French president Nicolas Sarkozy is to press ahead with the "fiscal shock" plans for his country despite strong reservations from several other eurozone countries.
In an unusual move, the energetic new leader invited himself to a meeting of euro finance ministers last night (9 July) to personally sell his plans for the French economy, amid mounting criticism over the past weeks.
The heated meeting, which saw Germany among the countries opposed to his tax-cutting measures, resulted in Mr Sarkozy presenting a softer line on his plans but not abandoning them.
At a press conference after the meeting, the French president called for an "intelligent and dynamic application" of the stability and growth pact, the rules underpinning the euro.
Referring to his plans to postpone balancing the country's books from 2010 to 2012 - he said he is not asking for the euro rules to be bent specifically for France.
"I'm not asking for a delay," he said. "I believe in the pact and the necessity of the pact and obviously I want to operate in the rationale of the pact."
Euro ministers made the 2010 commitment in April. But France reversed the decision suggesting it would be two years late to make good on its promise when Mr Sarkozy came to power.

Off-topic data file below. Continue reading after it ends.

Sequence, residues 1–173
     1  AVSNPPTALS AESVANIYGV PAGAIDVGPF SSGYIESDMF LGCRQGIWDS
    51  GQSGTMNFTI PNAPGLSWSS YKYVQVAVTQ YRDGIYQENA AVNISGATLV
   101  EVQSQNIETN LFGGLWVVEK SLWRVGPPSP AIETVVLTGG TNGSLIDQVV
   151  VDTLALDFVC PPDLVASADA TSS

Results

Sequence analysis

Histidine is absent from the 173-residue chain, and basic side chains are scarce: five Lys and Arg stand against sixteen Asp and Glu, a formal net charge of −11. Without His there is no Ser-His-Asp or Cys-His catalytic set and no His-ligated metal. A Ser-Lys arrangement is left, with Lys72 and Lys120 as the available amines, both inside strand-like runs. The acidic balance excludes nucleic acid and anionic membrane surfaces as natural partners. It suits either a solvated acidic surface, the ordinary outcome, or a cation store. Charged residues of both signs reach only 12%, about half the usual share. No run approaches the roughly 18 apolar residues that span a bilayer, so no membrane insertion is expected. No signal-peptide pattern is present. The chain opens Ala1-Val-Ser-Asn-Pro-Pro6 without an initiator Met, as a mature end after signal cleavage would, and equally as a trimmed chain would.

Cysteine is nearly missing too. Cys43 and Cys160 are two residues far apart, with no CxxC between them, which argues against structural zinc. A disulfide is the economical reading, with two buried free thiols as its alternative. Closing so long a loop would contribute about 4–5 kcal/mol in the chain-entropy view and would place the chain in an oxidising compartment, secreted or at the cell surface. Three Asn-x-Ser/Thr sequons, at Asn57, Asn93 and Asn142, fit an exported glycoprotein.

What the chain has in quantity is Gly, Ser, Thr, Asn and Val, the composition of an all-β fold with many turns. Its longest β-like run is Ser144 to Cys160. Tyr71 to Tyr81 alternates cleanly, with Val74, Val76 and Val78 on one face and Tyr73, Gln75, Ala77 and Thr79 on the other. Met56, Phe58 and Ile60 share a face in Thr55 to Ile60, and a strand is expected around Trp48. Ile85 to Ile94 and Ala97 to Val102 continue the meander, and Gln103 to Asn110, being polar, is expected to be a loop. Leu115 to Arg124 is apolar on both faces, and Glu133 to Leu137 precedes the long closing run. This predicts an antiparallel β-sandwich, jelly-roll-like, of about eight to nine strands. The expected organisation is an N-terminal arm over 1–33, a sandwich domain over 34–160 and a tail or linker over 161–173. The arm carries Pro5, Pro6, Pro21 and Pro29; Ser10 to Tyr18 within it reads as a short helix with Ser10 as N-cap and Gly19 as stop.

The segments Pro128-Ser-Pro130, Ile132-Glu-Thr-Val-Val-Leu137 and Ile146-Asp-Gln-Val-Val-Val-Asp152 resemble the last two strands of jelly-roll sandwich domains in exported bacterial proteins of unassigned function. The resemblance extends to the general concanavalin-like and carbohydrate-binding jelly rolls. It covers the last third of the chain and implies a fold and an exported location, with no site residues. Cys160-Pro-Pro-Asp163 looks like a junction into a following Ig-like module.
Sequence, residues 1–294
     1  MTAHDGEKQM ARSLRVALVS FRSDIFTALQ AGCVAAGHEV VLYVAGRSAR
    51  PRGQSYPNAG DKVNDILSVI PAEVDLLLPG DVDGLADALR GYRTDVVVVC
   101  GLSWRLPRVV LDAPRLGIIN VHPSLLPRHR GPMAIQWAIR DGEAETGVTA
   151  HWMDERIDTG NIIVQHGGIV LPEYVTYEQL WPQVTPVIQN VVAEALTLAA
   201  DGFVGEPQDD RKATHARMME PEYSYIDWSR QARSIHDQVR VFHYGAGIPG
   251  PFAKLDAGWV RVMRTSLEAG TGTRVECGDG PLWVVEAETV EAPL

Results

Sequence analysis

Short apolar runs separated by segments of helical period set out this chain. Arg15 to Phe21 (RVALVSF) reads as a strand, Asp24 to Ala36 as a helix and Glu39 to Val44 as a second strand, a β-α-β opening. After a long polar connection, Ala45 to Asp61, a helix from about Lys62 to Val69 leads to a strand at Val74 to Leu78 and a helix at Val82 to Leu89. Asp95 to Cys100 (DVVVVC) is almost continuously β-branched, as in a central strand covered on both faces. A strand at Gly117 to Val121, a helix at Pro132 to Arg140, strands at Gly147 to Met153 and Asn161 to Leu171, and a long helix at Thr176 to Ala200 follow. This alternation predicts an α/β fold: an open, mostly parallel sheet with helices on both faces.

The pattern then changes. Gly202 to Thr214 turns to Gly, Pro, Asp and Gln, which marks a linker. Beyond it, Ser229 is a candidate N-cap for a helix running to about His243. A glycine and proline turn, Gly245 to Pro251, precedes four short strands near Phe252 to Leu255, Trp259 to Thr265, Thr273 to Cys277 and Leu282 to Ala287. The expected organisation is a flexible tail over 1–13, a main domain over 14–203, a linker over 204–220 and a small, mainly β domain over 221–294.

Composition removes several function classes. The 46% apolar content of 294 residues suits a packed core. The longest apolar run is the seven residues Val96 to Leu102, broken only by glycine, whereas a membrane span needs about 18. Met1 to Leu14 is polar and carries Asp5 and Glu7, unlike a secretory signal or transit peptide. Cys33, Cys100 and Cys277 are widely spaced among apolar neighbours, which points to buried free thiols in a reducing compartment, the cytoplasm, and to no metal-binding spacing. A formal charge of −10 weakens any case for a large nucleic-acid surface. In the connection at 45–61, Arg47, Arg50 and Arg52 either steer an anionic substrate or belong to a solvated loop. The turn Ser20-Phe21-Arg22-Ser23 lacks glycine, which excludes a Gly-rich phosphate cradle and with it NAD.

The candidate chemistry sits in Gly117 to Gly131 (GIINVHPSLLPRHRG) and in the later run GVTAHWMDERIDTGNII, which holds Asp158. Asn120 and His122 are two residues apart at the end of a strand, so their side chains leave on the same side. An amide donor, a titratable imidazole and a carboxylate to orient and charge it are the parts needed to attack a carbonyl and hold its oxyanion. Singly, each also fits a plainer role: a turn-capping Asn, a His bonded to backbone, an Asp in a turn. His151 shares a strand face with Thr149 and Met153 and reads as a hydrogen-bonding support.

The move has caused deep concern among some other eurozone countries -- particularly Germany which is now in the process of tightening its fiscal belt - who fear it undermines the stability pact and may cause other countries to follow suit.
But Mr Sarkozy remained adamant at the meeting that France has to follow this path - which includes tax-cuts running to billions of euro and is set to result in a much greater budget deficit than the 1.8% promised by the previous administration -- in order to kick-start the economy and create jobs.
"We will deploy every effort to achieve [a budget balance] but at the same time we have to be honest about it ... if we don't do that, we will ask for it to be moved to 2012," said the French leader.
The head of the 13-nation eurozone, Luxembourg leader Jean-Claude Juncker, put a brave face on the meeting.
He said he was "happy to see France is entering into a phase of deep reform," adding that Mr Sarkozy had promised him that France will remain "deeply anchored in a philosophy of budgetary consolidation."
But there is no denying the extent to which Mr Sarkozy has unsettled the eurozone waters both with his economic plans and remarks about monetary policy, indicating he favours curbing the independence of the European Central Bank (ECB).
Mr Sarkozy admitted that there are difficulties between himself and ECB chief, and fellow French man, Jean-Claude Trichet.
"We don't exactly see eye to eye but I place every trust in his great ability to listen, understand and adjust," he said at the Monday press conference.
On this issue he also has a formidable opponent in Germany. Berlin has indicated on several occasions that it is deeply opposed to undermining the bank's independence.